Her writing always had a good bit of situational humor (my favorite kind), but this latest trilogy really amps up that component, making the books an absolute riot. The tone actually fits in nicely with the latest generation of sci-fi that boasts a lighter, feel-good atmosphere (hi Becky Chambers), so she’s on trend, and recommending her just got even easier.

Good humor aside, she includes some of my favorite creature creations (aliens) across the genre, which is still true now that I’ve read a LOT more sci-fi authors. With a background in biology, Czerneda’s aliens are always well thought out and expertly executed. The fun element comes into play here as well – the ways the aliens interact with the main characters is always great for some laughs.

She also has good characters. I like that Esen isn’t written from a human-minded POV. She’s a Web-Being with thought patterns and tendencies different than our own. Thank goodness we have Paul (human) to keep Esen grounded. ;P Czerneda also has excellent perspective immersion… which can sometimes be so well done that it sacrifices clarity for creativity. All of her books include these signature interlude chapters that take away all context and throw you into the depths of an alien perspective. They’re quite ambiguous and I often find myself retreading them to figure out what’s going on (not that reading them over helps much). Even when seriously studying them for the chance to become a beta reader for another Czerneda project, I struggled with these passages (which is probably why I just missed out on the opportunity). These passages also exhibit a clipped, to the point writing style that makes an appearance to a lesser degree in the rest of her works. Her writing is very stylized, and she often seems more interested in the cadence and mood of the delivery than she is in proper sentence structures (a liberty I don’t mind in the least as it makes the books feel more conversational). In recent books, that unique style has gotten more refined, to the point where the pacing of the scenes rockets (not to be confused with the pacing of plot-advancement, which is ironically a bit slow). It makes for an engaging read, just don’t blink or you’ll miss something.

Overall, this was a good bit of blue blob fun, and I can’t wait to see what Czerneda has in store next.

Recommendations: don’t start here! Go back and begin with Beholder’s Eye or even a different great series starting with Survival. Both hold sacred space on my bookshelves.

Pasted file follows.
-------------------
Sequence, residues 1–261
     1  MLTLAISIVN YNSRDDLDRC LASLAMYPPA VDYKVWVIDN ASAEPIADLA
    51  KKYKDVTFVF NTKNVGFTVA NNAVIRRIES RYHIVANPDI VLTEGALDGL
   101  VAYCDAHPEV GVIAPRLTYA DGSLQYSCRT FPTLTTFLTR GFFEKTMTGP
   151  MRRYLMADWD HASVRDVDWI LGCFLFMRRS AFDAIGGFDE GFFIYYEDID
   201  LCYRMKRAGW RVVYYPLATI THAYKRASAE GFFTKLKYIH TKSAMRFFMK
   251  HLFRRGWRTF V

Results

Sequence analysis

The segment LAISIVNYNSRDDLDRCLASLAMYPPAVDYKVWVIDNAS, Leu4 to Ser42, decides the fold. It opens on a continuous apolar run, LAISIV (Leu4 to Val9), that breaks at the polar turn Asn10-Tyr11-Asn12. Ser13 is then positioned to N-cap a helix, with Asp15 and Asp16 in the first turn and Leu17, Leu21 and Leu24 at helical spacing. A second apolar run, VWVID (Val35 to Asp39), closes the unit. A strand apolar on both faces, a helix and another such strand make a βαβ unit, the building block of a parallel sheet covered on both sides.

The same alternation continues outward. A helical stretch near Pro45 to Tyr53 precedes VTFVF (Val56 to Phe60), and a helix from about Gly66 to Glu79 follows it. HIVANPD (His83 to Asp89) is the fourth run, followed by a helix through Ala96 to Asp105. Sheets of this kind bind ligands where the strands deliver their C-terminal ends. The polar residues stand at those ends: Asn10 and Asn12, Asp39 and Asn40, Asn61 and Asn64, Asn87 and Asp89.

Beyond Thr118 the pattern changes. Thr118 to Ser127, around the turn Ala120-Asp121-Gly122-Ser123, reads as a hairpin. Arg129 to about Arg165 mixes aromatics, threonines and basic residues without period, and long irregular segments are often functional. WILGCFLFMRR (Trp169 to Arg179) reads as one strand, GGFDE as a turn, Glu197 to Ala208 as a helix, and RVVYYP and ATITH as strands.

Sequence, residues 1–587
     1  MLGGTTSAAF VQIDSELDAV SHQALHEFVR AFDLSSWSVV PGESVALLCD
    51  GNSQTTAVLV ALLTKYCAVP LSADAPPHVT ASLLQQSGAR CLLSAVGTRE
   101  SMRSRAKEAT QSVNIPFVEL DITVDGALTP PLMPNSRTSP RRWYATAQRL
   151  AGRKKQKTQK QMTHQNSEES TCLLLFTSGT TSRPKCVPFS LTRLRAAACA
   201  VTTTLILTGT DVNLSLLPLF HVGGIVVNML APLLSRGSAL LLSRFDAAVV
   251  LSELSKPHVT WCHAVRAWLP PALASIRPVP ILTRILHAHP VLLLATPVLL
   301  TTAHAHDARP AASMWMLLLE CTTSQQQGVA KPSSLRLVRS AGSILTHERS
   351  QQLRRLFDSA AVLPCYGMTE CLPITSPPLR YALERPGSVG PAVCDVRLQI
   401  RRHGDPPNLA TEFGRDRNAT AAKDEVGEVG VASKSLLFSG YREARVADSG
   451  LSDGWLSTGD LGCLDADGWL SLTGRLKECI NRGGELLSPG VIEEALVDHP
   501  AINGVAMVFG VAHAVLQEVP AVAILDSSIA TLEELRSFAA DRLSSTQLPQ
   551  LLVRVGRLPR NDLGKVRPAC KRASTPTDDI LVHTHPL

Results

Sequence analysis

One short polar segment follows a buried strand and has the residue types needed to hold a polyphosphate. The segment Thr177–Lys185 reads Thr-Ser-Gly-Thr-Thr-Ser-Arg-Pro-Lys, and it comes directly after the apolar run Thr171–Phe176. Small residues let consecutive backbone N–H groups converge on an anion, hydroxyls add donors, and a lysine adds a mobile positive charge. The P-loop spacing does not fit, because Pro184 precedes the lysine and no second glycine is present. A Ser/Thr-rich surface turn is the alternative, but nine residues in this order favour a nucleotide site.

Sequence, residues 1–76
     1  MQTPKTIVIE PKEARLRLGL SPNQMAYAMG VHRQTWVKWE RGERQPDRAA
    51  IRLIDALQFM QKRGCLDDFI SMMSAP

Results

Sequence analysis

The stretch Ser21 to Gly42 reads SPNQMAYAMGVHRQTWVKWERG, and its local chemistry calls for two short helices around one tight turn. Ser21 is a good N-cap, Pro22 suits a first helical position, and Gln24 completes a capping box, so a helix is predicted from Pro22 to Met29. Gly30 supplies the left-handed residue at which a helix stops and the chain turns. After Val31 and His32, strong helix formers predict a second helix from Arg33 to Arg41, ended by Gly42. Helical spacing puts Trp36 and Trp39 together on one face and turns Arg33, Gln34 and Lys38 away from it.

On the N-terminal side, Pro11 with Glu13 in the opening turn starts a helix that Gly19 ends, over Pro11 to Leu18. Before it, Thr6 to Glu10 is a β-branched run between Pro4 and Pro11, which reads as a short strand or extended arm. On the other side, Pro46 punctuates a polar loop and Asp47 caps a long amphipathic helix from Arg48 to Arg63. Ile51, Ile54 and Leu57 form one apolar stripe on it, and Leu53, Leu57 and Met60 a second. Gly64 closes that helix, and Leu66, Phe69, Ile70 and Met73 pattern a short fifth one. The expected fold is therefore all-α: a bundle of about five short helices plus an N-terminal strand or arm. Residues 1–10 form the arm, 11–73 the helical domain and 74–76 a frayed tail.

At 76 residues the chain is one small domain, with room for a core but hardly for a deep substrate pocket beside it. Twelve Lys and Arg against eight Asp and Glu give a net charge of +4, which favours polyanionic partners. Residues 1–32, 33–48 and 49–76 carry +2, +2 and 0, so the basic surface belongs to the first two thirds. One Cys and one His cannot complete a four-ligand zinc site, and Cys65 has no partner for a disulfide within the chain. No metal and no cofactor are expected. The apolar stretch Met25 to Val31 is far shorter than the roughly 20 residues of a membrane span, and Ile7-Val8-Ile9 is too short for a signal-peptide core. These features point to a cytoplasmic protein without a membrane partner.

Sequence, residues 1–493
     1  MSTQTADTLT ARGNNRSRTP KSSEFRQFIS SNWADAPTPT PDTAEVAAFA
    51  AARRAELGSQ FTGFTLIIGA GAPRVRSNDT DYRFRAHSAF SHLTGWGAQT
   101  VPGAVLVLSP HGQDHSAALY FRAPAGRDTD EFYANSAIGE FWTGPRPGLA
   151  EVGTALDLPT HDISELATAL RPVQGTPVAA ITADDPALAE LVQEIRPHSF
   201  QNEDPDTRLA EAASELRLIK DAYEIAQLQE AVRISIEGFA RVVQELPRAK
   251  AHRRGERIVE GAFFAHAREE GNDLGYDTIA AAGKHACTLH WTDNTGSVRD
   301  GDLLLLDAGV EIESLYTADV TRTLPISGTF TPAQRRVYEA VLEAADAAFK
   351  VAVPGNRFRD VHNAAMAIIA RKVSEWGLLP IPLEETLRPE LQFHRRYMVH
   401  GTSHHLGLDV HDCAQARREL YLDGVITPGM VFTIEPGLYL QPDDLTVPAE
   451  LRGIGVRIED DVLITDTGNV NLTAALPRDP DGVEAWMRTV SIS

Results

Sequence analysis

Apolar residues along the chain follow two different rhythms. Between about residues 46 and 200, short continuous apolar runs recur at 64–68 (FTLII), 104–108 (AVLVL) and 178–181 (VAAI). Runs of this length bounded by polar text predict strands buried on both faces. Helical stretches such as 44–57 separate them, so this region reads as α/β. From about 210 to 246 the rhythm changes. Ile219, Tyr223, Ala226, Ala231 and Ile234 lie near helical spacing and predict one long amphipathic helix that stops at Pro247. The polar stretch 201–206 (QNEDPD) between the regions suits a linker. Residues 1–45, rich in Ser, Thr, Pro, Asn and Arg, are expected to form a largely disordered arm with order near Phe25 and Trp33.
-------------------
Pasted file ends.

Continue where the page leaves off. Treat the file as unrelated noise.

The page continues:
I’d like to thank DAW Publishing, Julie E. Czerneda, and Netgalley for the chance to read and review an early copy of Mirage!

Other books you might like:

by Niki Hawkes

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Novella Review: Sweep with Me by Ilona Andrews

Title: Sweep with Me

Author: Ilona Andrews

Series: Innkeeper Chronicles #4.5

Genre: Fantasy. Er, kind of. Scifi?

Rating: 4/5 stars

The Overview: [Goodreads just has a stock-overview for the whole series. This one is about facilitating a meeting at the Inn between a cool magical being and a corrupt business man… among other things] Thank you for joining us at Gertrude Hunt, the nicest Bed and Breakfast in Red Deer, Texas, during the Treaty Stay. As you know, we are honor-bound to accept all guests during this oldest of innkeeper holidays and we are expecting a dangerous guest. Or several. But have no fear. Your safety and comfort is our first priority. The inn and your hosts, Dina Demille and Sean Evans, will defend you at all costs. [But we hope we don’t have to.] Every winter, Innkeepers look forward to celebrating their own special holiday, which commemorates the ancient treaty that united the very first Inns and established the rules that protect them, their intergalactic guests, and the very unaware/oblivious people of [planet] Earth. By tradition, the Innkeepers welcomed three guests: a warrior, a sage, and a pilgrim, but during the holiday, Innkeepers must open their doors to anyone who seeks lodging. Anyone. All Dina hopes is that the guests and conduct themselves in a polite manner. But what’s a holiday without at least one disaster? -Goodreads

The Review:

Now we’re back on track! I really missed Dina and the Inn in the last installment (which was a great read, but it was more a spin-off than a true continuation) so I’m glad to see her back with flair. I really loved the conflict in Sweep with Me and the interesting characters who visited the Inn (the inclusion of so many non-human entities is what makes this series so fun). It hits the spot perfectly for that light-hearted palate cleanser between heavier reads, and sadly finishing this one puts me completely up to date with IA reads (::shrieks:: what am I going to do?!!?). This series has been excellent to recommend to people looking for something light, and it stretches nicely to fill a lot of spec-fic genres (it reads like an urban fantasy, the magic feels very fantasy, yet the concept and world-building is all modern scifi… I love it when books break molds). I can’t wait for the next one. :) Emerald Blaze (the newest Hidden Legacy book coming out August 2020) will have to hold me over!

P.S. I love the cook. He reminds me of Huido in Julie Czerneda’s Trade Pact Universe / Clan Chronicles.

Other books you might like:

by Niki Hawkes

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Book Review: The Cruel Stars by John Birmingham

The Cruel Stars by John Birmingham

Title: The Cruel Stars

Author: John Birmingham

Series: The Cruel Stars #1

Genre: Science Fiction

Rating: 2.5/5 stars